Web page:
Presently in the field of robotics, only a low percentage of challenges is solved by a machine vision solution. In these cases, engineers develop the software themselves, thus, they barely revert to standard software. However, MVTec’s HALCON now offers the relevant possibilities for 3D machine vision in robotics like 3D measurement and 3D positioning. Therefore, HALCON not only provides fast and reliable operators for typical 3D methods, but also eases fast teaching and calibration, which are essential features for cost-effective robotics. From the robotics point of view, this is a clear push in efficiency. For 3D machine vision under HALCON, there are different possibilities. If the setup is based on two cameras, two variable stereo techniques can be disposed. The first one is important for precise mold measuring. It determines the depth of each single object point based on both transformed images via disparity (distance of corresponding pixels). However, often it is sufficient to only recognize single points, angles, or edges as selected features. In addition to increased speed, it shows the advantage that this second technique can deliver sub-pixel or rather sub-millimeter accurate position data to the robot.
3D methods also exist for one-camera -setups. After 3D camera calibration of the setup, HALCON reconstructs the object’s 3D position in world coordinates (method of monocular reconstruction) if the coordinates of the selected attributes of an object are known. A similar method (3D position of circles) makes use of circles in objects like drill holes, e.g., appearing in the camera image as ellipses. By the analysis of these ellipses, the 3D position of the objects can be reconstructed. Furthermore, a reconstruction is possible via depth by focus: With the height adjustment of the camera, the 3D-conditions of the object can be determined. Photometric stereo acquires multiple images with illumination from different orientations. The depth information is reconstructed by making use of the reflectance features of the object (s. fig.).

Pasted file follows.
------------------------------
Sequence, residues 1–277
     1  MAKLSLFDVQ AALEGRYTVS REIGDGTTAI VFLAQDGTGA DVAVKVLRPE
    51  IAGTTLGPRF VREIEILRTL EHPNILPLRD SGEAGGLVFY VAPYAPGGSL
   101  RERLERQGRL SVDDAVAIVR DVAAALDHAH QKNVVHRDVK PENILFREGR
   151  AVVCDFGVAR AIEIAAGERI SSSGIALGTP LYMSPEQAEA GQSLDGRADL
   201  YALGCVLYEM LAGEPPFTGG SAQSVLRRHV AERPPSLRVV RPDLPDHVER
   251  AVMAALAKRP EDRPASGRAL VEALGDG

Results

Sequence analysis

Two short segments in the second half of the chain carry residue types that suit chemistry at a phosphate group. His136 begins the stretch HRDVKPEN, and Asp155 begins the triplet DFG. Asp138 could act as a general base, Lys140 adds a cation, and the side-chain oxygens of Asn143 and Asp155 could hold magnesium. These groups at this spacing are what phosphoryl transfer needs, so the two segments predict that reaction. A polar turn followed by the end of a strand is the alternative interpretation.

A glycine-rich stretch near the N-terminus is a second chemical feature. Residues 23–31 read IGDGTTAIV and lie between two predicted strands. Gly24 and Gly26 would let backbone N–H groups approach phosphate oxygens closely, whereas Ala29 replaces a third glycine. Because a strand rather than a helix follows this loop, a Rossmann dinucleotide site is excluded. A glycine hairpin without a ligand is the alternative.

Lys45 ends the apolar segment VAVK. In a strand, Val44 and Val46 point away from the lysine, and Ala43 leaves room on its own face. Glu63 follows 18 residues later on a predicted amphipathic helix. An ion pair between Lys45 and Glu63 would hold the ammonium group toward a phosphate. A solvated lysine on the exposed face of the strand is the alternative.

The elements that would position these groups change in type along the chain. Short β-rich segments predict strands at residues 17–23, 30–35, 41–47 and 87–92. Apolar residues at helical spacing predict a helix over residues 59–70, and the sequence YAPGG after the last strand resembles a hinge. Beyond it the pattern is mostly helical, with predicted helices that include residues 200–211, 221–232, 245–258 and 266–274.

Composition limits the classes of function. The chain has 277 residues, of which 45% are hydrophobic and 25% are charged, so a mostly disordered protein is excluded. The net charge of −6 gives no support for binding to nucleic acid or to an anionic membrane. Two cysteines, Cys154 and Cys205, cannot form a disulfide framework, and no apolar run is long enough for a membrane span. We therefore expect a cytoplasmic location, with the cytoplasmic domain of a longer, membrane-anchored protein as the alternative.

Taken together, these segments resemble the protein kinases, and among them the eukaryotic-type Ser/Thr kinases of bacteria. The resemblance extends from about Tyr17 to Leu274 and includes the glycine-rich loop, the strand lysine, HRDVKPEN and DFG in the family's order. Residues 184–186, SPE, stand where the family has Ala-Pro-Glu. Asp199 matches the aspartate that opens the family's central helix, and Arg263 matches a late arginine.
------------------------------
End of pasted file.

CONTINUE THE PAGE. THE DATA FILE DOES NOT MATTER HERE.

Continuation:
Beyond these special 3D methods for robotics, HALCON offers all classical features for machine vision such as measuring, matching, OCR, data- and bar code reading, and blob analysis. For in-situ quality control by robotics, also these classical machine vision methods will be employed more and more, e.g., for identification of components during bin picking in automotive engineering or for weld seam control. In the future, MVTec will also develop more and more 3D methods for robotics.
HALCON runs on PC as well as on special platforms (HALCON Embedded) used in robotics.
Hannovermesse (Hanover, 2006, April 24-28): * MVTec: Hall 17, D60
* “The Unerring Dartboard” under HALCON, Hall 17, D30 (VDMA)
AUTOMATICA (Munich, 2006, May 16-19):
* MVTec: Hall B1, 208
* “The Unerring Dartboard” under HALCON, Hall B1, 330 (iwb)